MoyraDaleHere in hospital, nurses taking observations mark the passing of the hours: they issue medicines, meal trays are brought and removed: pigeons flutter outside the window.

Disease and death, if they haven’t visited us earlier, come calling on all of us in the fourth quarter of our lives. For me it came earlier than I’d been anticipating.

At fifty-seven years, a non-smoker, my prolonged cough was diagnosed as Stage 4 lung cancer, with probably just months to live. My oncologist suggested that with new targeted therapy I could see two years. Nearly six years on, I’m surprised to find myself still alive, albeit with reduced health and energy. Tumours which have grown in my bones, brain and liver, as well as the base growth in my lungs, have been contained or removed by different forms of treatment (targeted chemotherapy, radiotherapy, brain surgery, immunotherapy). As one treatment stops working, my doctors offer another one – until they run out. Diagnosis came at a time when career and work opportunities were expanding. A masters intensive I was to be teaching in the USA had to be cancelled, together with my part in a major international conference. I’d just accepted the role of leading an annual six-week international intensive course, and had to let that go, with other plans for wider travel and work. There wasn’t much time to grieve – I was focused on the prospect of imminent death and preparing for that with my family.

Targeted therapy enabled me to continue with my basic teaching load for a while and recover energy to enjoy more normal life (while recognising that things like teaching intensives were now beyond me). The years since then have seen losses and gains but overall decline, sometimes from cancer, more often from treatment or other health conditions that cancer seems to make room for.

A diagnosis of terminal illness is always challenging, but maybe less so in the final quarter of our lives than if it had come earlier. We have the privilege of looking back on a full life, of many different opportunities, of long years knowing and experiencing the goodness of God, as a foundation for resting on that now. It’s harder when it comes to young lives full of unrealised promise, life not yet lived, chances not able to be taken up. The task now becomes to live and to die as well as possible: for us and for those around us whom we leave to grieve. How to care for them in their costly care for us, emotionally and physically, in time and help?

It brings both challenges and opportunities.

The challenge to accept this as the Sovereign God’s gift to me, to be received with thanksgiving. Not so much a fight, this is a context within which to seek to live for God, learning to meet Christ in my cancer.

The challenge to hold my ambitions lightly: together with the challenge of living in uncertainty, unable to make long term plans. Do I have months left or years? How much energy will I have at any given time? And I live with the bewilderment of seeing younger friends die earlier, go ahead of me.

The challenge to maintain a wide perspective, focused on God and others. The lockdowns of covid and of cancer blurred together for me, and it was easy to let my view diminish to the small world I inhabited. This is especially as discomfort and disability increase: pain tends to preoccupy our consciousness.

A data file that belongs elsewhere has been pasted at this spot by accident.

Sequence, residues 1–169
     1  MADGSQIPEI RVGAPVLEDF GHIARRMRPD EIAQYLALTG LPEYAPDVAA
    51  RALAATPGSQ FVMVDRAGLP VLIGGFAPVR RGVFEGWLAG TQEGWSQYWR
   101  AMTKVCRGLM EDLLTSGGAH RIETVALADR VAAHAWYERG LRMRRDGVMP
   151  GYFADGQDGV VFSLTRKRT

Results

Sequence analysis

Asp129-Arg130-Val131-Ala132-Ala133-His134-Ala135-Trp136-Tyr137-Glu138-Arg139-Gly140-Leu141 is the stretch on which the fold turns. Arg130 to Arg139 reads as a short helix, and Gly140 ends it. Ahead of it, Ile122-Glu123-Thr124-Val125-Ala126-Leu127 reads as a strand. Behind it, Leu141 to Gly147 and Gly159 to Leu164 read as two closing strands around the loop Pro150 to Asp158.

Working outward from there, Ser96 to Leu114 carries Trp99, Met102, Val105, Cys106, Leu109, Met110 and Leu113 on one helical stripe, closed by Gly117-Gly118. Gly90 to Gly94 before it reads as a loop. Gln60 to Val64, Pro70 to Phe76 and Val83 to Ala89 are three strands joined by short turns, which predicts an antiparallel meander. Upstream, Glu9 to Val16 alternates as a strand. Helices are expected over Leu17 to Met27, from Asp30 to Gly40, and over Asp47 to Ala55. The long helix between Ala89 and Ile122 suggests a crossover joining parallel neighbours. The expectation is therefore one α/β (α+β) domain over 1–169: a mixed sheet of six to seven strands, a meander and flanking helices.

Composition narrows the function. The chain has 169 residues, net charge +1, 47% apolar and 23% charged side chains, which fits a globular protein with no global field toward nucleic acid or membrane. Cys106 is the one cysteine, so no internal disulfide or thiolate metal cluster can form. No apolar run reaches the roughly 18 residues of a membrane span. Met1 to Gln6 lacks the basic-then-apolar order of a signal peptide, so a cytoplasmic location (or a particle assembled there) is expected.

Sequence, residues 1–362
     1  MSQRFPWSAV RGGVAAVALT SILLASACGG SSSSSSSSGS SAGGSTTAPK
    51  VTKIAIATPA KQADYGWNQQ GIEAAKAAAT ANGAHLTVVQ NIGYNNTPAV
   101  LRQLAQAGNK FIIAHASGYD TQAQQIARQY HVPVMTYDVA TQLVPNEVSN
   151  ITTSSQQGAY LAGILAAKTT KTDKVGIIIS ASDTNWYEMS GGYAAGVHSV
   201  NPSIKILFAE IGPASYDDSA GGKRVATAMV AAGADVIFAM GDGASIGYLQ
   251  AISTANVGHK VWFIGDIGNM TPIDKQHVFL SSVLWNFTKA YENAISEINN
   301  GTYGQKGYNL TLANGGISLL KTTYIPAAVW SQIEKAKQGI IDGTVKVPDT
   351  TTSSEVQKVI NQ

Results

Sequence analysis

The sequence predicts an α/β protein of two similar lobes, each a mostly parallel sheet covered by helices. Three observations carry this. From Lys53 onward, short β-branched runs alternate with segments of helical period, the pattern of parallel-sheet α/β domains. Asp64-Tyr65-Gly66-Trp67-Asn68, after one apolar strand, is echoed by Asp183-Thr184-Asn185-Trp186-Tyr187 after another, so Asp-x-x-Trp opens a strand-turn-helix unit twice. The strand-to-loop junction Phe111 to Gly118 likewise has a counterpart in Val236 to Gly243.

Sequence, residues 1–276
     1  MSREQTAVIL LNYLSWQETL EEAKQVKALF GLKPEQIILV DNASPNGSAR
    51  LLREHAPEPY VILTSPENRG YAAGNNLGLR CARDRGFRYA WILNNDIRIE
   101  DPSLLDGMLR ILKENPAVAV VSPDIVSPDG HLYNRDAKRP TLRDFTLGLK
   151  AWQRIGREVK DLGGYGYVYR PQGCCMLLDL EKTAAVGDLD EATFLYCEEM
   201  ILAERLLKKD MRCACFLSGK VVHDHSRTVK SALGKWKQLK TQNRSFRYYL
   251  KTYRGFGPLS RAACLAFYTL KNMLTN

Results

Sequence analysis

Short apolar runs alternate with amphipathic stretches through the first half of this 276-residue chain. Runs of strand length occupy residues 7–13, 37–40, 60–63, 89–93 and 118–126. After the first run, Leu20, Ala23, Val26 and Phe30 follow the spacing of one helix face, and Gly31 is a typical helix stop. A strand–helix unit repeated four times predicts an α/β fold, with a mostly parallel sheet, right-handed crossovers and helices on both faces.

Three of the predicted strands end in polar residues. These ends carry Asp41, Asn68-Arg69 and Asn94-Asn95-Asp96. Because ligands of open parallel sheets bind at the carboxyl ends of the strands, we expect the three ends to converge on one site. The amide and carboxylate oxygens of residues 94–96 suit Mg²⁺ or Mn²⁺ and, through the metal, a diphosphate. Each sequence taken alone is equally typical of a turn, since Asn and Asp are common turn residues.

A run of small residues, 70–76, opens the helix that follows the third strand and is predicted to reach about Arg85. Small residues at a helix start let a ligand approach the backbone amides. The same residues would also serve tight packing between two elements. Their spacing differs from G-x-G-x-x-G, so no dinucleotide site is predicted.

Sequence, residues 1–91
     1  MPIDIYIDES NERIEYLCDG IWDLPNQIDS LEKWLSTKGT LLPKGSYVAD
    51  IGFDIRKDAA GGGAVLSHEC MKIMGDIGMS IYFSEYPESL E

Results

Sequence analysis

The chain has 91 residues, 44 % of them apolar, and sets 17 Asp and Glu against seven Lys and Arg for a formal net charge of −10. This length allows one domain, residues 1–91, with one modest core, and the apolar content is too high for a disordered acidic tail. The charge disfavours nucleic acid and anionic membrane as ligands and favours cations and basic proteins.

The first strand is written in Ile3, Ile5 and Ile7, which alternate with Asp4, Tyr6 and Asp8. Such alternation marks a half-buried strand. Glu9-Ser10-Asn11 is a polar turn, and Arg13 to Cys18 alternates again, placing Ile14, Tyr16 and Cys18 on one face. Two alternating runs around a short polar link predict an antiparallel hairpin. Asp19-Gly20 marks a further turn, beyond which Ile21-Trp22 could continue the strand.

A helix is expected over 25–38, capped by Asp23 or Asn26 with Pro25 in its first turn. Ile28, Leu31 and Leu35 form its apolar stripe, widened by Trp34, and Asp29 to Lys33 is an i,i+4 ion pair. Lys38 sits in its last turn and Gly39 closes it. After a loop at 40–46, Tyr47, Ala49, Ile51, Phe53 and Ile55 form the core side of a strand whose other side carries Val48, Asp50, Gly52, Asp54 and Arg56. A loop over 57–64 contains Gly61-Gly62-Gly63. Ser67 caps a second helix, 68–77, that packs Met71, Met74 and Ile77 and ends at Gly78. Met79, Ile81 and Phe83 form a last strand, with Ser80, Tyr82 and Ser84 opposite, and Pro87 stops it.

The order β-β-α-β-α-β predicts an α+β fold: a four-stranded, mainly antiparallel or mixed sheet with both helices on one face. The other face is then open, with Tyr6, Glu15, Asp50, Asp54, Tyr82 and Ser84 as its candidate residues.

Familiar disciplines, daily prayer apps prayed with family, become an important part of maintaining perspective. It’s been good to immerse myself daily in the Psalms, a discipline of the church from ancient times. Meditating on/memorising scriptures is a gift especially when I haven’t capacity for much more. The challenge is not to let those slip when I am strong enough to engage in other projects.

There are also new opportunities. All time and energy becomes more than ever a gift from God. For me, this has included the unexpected gift of more years than I thought I had – time to spend with family and loved ones, time to work on projects.

A focus of the fourth age is equipping and raising up others. The need to hand over is expedited by the prospect of imminent decline and death, and so we get the joy of seeing others take up the baton from us and run with it as God has gifted them to do.

Having to let other things go and retire from teaching, has given me the opportunity to do more writing in the last few years. As well as journal articles, it’s been good to work on a book that had been simmering at the back of my mind and my computer files for over a decade, and pursue it through to final publication and launch. I’m thankful for the gift of all those who supported me, for wise editors, illustrators, and all who joined in the celebration of its launch. It has been a blessing to receive the generosity of so many in community.

As Christians we are called to live lives characterised by gratitude. The more helpless I get and dependent on others the more I am thankful for God’s care and love shown through the prayers, care, medical expertise and wisdom of people.

Moyra Dale spent over two decades in the Middle East working in education and ethnography. She has taught courses in Islam and cross cultural anthropology in Australia and the USA. She was on the staff of St Andrews Hall for many years. She is married to Dale and has adult children. "Islam and Women: Hagar’s Inheritance" was published recently and is available through Regnum Press.

Sadly Moyra passed away soon after this edition of Essentials was published.